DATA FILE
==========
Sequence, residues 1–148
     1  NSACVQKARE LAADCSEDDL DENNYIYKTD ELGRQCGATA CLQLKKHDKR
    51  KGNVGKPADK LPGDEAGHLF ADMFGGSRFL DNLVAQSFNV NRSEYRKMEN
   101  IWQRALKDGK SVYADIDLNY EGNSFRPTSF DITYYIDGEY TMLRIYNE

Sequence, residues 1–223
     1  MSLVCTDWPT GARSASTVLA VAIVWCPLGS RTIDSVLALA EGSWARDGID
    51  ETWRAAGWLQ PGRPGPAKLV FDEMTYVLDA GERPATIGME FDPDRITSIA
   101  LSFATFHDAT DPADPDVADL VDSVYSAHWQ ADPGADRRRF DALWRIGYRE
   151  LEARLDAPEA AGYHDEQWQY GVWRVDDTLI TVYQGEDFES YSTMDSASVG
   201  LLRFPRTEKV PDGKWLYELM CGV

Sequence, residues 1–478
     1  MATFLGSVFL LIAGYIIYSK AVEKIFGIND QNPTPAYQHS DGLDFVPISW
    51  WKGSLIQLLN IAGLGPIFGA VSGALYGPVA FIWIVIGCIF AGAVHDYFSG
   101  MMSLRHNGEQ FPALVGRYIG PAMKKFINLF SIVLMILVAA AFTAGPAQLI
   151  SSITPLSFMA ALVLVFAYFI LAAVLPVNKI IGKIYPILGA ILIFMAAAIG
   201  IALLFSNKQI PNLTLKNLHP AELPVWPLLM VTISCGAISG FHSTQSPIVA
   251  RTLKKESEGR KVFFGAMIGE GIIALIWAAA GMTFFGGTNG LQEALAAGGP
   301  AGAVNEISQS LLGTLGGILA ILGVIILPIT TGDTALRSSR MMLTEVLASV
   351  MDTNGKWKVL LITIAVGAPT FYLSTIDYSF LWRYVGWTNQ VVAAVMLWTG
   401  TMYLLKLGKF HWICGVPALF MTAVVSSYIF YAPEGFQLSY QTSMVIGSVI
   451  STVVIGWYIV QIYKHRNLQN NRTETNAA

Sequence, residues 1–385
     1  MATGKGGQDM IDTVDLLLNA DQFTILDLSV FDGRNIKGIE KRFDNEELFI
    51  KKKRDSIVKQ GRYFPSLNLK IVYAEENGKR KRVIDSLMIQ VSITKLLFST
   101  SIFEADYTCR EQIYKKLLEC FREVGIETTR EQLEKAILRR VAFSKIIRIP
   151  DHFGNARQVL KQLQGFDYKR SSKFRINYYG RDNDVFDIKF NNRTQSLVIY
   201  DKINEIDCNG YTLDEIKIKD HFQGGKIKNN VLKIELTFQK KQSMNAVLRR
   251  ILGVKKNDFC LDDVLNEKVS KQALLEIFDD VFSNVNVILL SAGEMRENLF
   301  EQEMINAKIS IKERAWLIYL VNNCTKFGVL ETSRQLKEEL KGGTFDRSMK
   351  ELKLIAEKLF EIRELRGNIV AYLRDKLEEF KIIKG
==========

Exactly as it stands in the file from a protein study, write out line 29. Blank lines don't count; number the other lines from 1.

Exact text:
   301  EQEMINAKIS IKERAWLIYL VNNCTKFGVL ETSRQLKEEL KGGTFDRSMK